New Mexico supporters of Hillary Clinton gathered at Hotel Andaluz Tuesday night, celebrating her statewide win… but ultimately watching a tough national loss unfold for their candidate.
Trump maintained a steady lead in the electoral results all night, as many Clinton supporters held out hope for a late night comeback.
Clinton supporter Sonah Haaland was trying to process the election outcome.
“It is really scary to think about what could happen to the people of color at the LGBTQ community,” Haaland said. “What is going to happen to them if he is elected? I don’t know if it will really hit me until whatever happens, happens.”
Despite the shock, Haaland expressed satisfaction for New Mexico’s vote.
“I was anxious about this election for a very long time, and I honestly did not expect it to be this close. But at the end of the day, Hillary won New Mexico 50-39 so we as a state literally did the most we could do and I am proud of that.”
Clinton was ahead in many polls throughout the election season (as reported by FiveThirtyEight), but faced an upset asTrump maintained a lead in electoral votes.
The mood quickly changed at Hotel Andaluz from excitement to disappointment, as Clinton supporters realized that Donald Trump had an increasing chance of winning the Presidency.
One Clinton supporter, Carlos Contreras, a middle aged, Hispanic male, said he voted for Clinton primarily because of his fears of the impact Trump becoming president will have on his daughter and her future.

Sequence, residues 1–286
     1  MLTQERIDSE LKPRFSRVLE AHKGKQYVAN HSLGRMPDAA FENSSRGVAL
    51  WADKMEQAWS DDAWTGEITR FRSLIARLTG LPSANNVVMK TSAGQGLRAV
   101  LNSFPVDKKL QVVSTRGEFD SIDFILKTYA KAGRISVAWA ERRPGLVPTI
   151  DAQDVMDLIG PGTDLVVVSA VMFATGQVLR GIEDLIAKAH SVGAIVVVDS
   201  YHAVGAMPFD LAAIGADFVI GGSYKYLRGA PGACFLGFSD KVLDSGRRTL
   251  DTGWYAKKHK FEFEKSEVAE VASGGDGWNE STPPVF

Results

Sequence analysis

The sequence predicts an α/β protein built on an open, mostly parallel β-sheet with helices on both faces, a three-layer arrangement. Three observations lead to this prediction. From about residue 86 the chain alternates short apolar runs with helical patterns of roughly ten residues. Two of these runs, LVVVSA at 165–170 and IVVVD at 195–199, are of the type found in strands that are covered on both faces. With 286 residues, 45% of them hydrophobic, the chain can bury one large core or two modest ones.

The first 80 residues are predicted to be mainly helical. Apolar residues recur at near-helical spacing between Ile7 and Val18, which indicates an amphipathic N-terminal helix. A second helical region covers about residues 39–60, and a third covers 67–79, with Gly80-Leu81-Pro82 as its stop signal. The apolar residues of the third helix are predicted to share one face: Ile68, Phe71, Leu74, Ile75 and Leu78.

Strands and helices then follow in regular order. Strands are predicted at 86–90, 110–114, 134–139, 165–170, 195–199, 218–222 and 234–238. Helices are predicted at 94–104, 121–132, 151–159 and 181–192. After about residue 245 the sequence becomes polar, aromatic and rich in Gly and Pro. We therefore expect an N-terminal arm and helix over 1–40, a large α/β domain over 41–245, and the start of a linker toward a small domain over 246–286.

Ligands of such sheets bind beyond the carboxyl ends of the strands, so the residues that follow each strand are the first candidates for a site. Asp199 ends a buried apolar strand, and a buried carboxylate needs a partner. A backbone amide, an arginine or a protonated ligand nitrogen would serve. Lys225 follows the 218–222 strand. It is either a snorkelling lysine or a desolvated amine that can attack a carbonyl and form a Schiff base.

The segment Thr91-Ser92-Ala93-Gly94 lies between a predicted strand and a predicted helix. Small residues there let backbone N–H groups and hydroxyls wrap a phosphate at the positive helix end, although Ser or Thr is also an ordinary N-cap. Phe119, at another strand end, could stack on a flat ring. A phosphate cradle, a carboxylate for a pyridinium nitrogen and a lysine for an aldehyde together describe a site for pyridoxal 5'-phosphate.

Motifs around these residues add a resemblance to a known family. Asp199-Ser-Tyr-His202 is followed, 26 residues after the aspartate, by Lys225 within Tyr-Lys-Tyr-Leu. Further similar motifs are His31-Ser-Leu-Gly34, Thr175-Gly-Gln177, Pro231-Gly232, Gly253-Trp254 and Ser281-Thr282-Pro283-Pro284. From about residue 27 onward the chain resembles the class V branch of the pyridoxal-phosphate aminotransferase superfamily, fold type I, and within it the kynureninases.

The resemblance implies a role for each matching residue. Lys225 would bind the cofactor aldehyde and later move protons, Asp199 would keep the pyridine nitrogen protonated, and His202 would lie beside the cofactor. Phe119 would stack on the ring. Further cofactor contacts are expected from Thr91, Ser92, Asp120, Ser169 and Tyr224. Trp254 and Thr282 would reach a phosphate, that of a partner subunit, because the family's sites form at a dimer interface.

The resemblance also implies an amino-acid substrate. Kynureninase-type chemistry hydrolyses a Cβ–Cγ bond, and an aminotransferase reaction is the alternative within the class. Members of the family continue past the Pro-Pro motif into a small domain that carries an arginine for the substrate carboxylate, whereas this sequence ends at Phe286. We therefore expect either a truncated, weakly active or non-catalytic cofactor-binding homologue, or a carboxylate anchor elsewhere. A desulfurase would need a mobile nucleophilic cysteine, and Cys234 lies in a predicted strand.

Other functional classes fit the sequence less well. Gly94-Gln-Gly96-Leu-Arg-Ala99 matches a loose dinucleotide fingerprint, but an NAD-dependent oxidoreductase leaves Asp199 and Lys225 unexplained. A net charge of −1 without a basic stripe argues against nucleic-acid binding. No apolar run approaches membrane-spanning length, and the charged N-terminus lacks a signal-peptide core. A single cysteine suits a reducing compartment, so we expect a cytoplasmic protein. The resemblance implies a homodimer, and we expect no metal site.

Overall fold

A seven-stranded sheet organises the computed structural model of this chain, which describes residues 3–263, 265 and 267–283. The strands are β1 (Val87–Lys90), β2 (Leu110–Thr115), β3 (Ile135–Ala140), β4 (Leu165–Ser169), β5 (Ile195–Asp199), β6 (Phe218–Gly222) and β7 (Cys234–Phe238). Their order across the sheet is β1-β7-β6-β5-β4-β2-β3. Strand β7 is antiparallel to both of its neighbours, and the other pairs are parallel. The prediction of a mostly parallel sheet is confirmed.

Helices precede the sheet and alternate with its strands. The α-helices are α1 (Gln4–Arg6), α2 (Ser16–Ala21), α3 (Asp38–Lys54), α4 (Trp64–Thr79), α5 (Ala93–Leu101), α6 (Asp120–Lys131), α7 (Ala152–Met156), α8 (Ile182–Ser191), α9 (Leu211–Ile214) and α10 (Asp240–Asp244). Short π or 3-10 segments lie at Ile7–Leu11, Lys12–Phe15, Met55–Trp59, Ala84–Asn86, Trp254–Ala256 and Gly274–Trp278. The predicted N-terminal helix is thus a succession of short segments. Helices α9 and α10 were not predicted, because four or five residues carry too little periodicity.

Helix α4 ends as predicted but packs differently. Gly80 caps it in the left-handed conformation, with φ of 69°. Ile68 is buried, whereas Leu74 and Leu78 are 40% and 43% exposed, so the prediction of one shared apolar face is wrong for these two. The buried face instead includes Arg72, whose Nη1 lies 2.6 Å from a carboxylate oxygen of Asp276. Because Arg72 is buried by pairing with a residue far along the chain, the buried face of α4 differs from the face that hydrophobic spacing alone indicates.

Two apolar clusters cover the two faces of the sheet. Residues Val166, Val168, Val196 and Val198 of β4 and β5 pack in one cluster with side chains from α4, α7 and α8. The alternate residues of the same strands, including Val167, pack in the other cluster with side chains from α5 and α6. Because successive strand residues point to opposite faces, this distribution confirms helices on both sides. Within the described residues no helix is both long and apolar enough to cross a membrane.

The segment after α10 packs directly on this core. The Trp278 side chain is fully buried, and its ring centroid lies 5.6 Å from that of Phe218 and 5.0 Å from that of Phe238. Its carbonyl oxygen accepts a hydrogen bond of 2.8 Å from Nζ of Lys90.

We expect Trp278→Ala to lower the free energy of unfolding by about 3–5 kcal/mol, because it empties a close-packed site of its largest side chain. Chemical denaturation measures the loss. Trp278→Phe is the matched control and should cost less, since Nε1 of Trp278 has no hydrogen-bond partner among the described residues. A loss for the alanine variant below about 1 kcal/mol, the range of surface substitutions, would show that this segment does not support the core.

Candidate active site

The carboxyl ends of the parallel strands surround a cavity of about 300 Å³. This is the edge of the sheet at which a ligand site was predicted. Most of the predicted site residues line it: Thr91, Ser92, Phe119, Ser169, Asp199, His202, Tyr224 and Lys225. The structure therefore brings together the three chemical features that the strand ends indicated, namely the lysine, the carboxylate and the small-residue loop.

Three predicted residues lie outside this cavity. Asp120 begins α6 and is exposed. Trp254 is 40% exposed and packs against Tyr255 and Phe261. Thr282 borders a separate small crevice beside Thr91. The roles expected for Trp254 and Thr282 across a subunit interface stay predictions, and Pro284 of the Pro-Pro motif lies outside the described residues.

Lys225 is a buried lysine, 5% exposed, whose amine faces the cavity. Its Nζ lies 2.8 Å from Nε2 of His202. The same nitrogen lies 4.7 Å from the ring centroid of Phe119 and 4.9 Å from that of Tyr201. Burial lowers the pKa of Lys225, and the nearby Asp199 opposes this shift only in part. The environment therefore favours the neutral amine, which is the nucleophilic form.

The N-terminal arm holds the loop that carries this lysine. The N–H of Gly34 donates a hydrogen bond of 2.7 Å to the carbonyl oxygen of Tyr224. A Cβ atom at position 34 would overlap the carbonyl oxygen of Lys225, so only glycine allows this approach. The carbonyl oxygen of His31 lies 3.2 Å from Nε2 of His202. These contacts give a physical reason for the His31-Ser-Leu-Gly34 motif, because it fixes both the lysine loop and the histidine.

“I don’t even know what to say about this. I am scared to be a person of color with him in the office, and a father to a daughter. I just don’t have words for this,” Contreras said.
Voters like Pete Trujillo and Bobby Baca were completely shocked by this result.
“This is very sad. Like the stock market will drop, more wars will happen, possibly anything could happen with the instability with him being elected,” Trujillo said.
Bobby Baca said he feared for other aspects of Trump’s presidency, such as hatred being spread and the possible effects that it could have on immigrants in the United States.
“I think that our nation will become more divided,” Baca said, “immigrants will feel unsafe about coming to a nation that was built on immigrants. So it’s kind of scary because he gives a lot of empty promises, and it’s just speaking to entice the people that would typically be following him. There will be so much more inequality now that he is elected.”
Jan Bandrofchak, a lifelong politician, thought that Clinton would win and was disappointed in the news that Clinton was trailing Trump.
“I have never seen a better qualified individual, male or female, for this office. The thought of having her in the White House had me filled with pride. The Republicans had a chance to nominate anyone that is qualified and they chose not to,” Bandrofchak said.